Potential common genetic susceptibility traits shared by chronic and apical periodontitis: focus on SNPs assessment followed by bioinformatics analysis including clinical, microbiological and inflammatory/immunological data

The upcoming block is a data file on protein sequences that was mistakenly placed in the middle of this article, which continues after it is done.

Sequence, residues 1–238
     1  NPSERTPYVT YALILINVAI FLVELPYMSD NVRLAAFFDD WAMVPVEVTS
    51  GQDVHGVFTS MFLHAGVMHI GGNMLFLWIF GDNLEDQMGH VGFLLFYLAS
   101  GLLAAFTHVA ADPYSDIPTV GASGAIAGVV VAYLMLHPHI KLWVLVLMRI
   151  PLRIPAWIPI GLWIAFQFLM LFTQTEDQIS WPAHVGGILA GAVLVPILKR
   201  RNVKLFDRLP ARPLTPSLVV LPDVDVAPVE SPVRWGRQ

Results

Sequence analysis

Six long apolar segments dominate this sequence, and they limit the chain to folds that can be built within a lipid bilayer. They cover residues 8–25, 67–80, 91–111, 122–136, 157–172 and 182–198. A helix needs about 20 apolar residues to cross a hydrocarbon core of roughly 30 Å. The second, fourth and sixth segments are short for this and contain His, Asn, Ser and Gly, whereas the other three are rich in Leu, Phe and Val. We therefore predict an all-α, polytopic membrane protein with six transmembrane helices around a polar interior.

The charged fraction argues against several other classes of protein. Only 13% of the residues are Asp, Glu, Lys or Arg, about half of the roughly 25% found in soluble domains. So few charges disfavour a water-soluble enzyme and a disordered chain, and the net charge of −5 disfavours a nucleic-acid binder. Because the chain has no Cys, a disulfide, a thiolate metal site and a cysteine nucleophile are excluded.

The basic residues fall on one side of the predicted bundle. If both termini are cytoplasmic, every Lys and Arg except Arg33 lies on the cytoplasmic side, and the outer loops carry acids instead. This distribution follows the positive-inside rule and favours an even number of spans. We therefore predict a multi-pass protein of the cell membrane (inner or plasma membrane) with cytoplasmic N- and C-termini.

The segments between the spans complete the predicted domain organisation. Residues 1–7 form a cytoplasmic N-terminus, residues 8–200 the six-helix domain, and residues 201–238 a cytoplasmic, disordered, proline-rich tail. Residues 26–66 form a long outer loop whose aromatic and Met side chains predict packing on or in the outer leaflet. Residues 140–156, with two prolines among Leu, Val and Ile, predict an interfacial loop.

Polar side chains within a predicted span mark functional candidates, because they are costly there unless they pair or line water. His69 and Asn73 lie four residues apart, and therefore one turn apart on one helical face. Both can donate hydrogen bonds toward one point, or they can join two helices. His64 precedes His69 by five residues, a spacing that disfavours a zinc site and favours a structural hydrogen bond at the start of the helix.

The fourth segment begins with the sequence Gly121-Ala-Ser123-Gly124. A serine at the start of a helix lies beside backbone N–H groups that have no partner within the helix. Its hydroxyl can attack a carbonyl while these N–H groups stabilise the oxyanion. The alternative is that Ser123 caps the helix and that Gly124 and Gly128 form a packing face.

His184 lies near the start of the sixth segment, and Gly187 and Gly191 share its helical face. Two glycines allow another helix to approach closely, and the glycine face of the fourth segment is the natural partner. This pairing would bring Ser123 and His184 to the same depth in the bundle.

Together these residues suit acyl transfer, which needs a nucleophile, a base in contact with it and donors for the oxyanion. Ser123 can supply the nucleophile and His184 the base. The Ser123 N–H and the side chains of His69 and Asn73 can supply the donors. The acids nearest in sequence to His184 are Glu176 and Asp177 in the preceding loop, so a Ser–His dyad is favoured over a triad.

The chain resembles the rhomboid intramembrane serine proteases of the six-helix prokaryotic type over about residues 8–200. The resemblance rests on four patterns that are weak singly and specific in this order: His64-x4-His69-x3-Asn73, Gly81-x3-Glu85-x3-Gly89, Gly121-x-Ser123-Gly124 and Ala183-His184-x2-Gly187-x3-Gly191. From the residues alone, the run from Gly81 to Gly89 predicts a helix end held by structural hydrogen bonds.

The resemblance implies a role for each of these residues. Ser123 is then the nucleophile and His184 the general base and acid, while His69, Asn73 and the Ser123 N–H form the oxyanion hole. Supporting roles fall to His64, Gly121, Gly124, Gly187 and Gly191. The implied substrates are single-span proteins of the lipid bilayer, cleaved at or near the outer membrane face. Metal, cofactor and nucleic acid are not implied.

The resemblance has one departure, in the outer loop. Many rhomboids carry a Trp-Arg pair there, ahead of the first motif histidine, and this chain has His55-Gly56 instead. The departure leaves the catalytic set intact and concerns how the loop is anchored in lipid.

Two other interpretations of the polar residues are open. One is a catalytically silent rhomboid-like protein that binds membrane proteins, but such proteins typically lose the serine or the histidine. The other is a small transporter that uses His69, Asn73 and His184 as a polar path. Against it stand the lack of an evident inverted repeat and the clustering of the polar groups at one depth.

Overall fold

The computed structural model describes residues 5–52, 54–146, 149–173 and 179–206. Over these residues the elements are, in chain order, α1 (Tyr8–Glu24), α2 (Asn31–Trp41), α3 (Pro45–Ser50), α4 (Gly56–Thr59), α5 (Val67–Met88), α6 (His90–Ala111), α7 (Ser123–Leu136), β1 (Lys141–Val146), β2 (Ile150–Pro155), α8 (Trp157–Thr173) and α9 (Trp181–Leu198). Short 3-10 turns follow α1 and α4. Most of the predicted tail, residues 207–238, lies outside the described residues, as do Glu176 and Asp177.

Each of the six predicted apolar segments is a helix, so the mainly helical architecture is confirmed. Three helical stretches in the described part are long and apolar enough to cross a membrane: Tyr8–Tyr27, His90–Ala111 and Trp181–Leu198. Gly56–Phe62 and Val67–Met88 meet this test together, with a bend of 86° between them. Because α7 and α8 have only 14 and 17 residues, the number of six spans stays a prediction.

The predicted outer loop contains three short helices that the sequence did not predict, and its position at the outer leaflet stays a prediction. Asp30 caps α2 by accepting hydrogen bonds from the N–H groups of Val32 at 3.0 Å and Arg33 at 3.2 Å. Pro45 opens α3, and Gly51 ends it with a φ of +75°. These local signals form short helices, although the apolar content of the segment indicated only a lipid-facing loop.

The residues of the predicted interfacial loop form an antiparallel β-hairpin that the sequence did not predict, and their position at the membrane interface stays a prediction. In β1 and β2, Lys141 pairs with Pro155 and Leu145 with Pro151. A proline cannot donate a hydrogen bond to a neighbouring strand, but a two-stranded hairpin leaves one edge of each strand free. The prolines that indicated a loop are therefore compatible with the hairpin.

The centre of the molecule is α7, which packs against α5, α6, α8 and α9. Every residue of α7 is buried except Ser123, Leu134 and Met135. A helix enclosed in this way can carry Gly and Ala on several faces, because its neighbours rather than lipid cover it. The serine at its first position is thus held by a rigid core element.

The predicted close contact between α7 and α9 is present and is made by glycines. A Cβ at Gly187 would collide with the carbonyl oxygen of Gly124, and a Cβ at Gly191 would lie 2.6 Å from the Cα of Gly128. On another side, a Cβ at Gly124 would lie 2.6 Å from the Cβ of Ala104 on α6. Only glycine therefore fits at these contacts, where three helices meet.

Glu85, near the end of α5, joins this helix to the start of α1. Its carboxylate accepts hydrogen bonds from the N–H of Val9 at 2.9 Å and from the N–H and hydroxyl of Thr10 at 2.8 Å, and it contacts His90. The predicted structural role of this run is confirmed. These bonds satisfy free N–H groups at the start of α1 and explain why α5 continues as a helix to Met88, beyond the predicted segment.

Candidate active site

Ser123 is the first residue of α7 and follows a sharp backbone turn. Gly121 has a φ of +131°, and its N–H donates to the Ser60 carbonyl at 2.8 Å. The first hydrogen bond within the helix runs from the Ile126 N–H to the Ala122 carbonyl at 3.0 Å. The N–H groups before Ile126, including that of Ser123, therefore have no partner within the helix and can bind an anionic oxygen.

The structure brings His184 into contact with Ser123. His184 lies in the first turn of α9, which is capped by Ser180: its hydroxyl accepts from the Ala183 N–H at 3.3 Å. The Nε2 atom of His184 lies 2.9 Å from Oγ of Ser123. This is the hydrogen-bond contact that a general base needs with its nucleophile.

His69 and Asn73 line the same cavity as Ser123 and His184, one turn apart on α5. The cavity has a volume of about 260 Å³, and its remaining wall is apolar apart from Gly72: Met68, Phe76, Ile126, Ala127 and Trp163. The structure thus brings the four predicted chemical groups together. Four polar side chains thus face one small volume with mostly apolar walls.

Chronic periodontitis and periapical diseases are the leading cause for tooth loss in adults. Both periodontal and periapical lesions seem to share a common pathogenesis in which the establishment of a pathogenic microbiota (either in the gingival sulcus or the periapical region) triggers the host´s immune inflammatory response, which is in turn is responsible for the destruction of the tooth supporting tissues. The extent and severity of the inflammatory response to bacterial infection is at least partially under genetic control. Over the last decades, several single nucleotide polymorphisms (SNPs) have been implicated with increased susceptibility to periodontal destruction, but most studies on the subject rely on the "candidate gene" strategy and are inconclusive or lack of the necessary confirmatory replication in different populations. Recently, a new approach for the selection of susceptibility genes has been proposed with the use of genome wide association studies (GWA)-derived data. This strategy has the advantage of offering a hypothesis-free screening of the whole genome, identifying susceptibility genes that otherwise would have never been investigated. In addition, the inclusion of additional data on SNPs-based analysis, such as microbiological and immunological/inflammatory readouts, allows the inclusion of important variables involved in lesions pathogenesis usually ignored by regular genetic association studies. In this context, we propose to investigate the correlation between the SNPs that have been associated with increased susceptibility to suffer periodontal infection (especially by red and orange bacterial clusters, plus the putative pathogen A. actinomycetemcomitans, most of them also prevalent in periapical infections) in GWA studies with the occurrence of chronic periodontitis and periapical periodontitis. In addition, we intend to correlate those SNPs with the clinical, microbiological and inflammatory/immunological features of chronic and apical periodontitis under robust bioinformatics analysis. This project will be conducted at the University of Texas Health Science Center at Houston's School of Dentistry (UTheath); taking advantage of the expertise and computational resources of Center for Computational Biomedicine (CCB) UTHealth School of Biomedical Informatics, which possesses the material and human resources to conduct statistical analysis of complex data sets. In addition, we will count with the expertise and extensive experience in conducting genetic studies of UThealth's supervisor, Prof. Ariadne Letra. Briefly, in the chronic periodontitis study, we will analyze samples and data from 75 cases and 50 healthy controls, including clinical data, DNA genotyping data, inflammatory biomarkers quantification, and DNA-DNA hybridization checkerboard microbiological data. In the periapical lesion study, we will analyze samples and data from 75 patients presenting apical periodontitis and 100 healthy periapical tissue controls, including microbiological profiling, DNA genotyping, and inflammatory biomarkers quantification. The sample size was determined with basis on previous studies of our research group and with the use of specific power calculation software for genetic studies (CATS). In order to capture the full complexity of the interrelation between genotype, microenvironment and clinical features we will analyze the data using cluster analysis and multilevel hierarchical models. The knowledge gained from this research will certainly contribute to deepen our understanding of chronic and apical periodontitis' pathogenesis, as well as facilitate the identification of susceptibility traits and susceptible subjects, opening the possibility for the development of new preventive and therapeutic strategies.
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